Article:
When introducing the topic of market cycles it is often looked upon as something that is more wishful thinking more than anything else. However, it is my hope that I can provided sufficient evidence to convince you that objective observation of the 4 to 4 ½ year market cycle is well worth your time.
Introduction of the topic of the 4 to 4 ½ year market cycle does not come lightly. On September 13, 1900, Charles H. Dow, founder and editor of the Wall Street Journal, referenced the 4-year cycle as noted below:
We have frequently demonstrated that the stock market, while full of short fluctuations, has a continuing main movement, which often runs in one direction for three or four years at a time.
Again on February 21, 1901, Dow makes reference to the 4 to 4 ½ year cycle by saying:
For the past 25 years the commodity market and the stock market have moved almost exactly together. The index number representing many commodities rose from 88 in 1878 to 120 in 1881. It dropped back to 90 in 1885, rose to 95 in 1891, dropped back to 73 in 1896, and recovered to 90 in 1900. Furthermore, index numbers kept in Europe and applied to quite different commodities had almost exactly the same movement in the same time. It is not necessary to say to anyone familiar with the course of the stock market that this has been exactly the course of stocks in the same period.
All of the period that Dow mentions are based on the 4 year market cycle. However, you don’t need to have a background in secular bull or bear markets from the 19th century to understand the value and weight of the 4 to 4 ½ year market cycle. In the Richard Russell’s Dow Theory Letter dated July 5, 1979, the 4 to 4 ½ year cycle is mentioned again. Of the cycle in question, Russell said:
We appear to have skipped the surest thing in the market this year, and that is the bottoming of the 4 to 4 ½ year cycle.
Russell said this even though in retrospect we can clearly see, from a technical standpoint, that 1978 was the actual bottom in the cycle. Only four years later was the ultimate bottom of 1982 that would be the launching pad for the bull market from Dow 1,000 to Dow 10,000. In the same 1979 issue of the Dow Theory Letters, Russell includes a chart that points out the prior cycle bottoms since 1949 (1953, 1957, 1962, 1966, 1970, 1974, 1978) which I’ve included below.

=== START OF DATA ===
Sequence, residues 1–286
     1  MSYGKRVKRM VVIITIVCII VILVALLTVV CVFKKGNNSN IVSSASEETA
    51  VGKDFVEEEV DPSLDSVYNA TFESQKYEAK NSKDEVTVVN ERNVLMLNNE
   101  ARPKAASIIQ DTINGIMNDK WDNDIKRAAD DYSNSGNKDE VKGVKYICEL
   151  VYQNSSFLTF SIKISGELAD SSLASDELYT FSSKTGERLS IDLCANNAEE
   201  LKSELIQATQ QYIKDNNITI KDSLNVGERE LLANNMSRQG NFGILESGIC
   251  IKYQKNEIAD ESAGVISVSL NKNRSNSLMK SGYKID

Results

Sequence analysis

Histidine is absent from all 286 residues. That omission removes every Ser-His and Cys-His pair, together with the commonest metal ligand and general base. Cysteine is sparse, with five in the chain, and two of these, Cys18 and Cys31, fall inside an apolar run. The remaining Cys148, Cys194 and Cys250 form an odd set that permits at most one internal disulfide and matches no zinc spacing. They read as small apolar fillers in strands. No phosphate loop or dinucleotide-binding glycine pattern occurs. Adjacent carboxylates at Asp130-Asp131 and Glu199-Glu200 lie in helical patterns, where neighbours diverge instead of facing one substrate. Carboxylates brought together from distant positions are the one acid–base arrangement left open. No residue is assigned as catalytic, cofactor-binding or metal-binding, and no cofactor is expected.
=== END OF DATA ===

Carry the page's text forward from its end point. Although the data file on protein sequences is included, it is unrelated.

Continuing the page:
click to enlarge images
We’ve pointed out that 1982 was the cycle bottom that launched a powerful bull market. However, that bull market wasn’t without interruptions. In the chart below we note the 4 to 4 ½ year cycles that took place along the way (1987, 1991, 1994,1998, and 2002).
Every cycle implies a halfway point that a reversal may take place from. For the 4 to 4 ½ year cycle, this means that the first two years of the cycle are spent going up from the lows. No matter whether there is secular bull or secular bear market, the 4 to 4 ½ year market cycle plays itself out for the most part.
Our last major market bottom was March 9, 2009. If my observations on this topic are correct, then we have at least until January 2011 to June 2011 before the half cycle is complete. Afterwards, the market would either trade in a range or establish a well-defined bottom in accordance with the 4 to 4 ½ year market cycle.
- Schultz, Harry, A Treasury of Wall Street Wisdom, Investors Press (Palisades Park, New Jersey), 1966, page 16.
- Bishop, George W.,Charles H. Dow: Economist, Dow Jones (Princeton, New Jersey), 1967, pages 97 & 107.
- Russell, Richard, Dow Theory Letters, (San Diego, California), July 5, 1979, page 3 & 4.
- Sether, Laura, Dow Theory Unplugged, W&A Publishing (Cedar Falls, Iowa), 2009, page 50.
Disclosure: No positions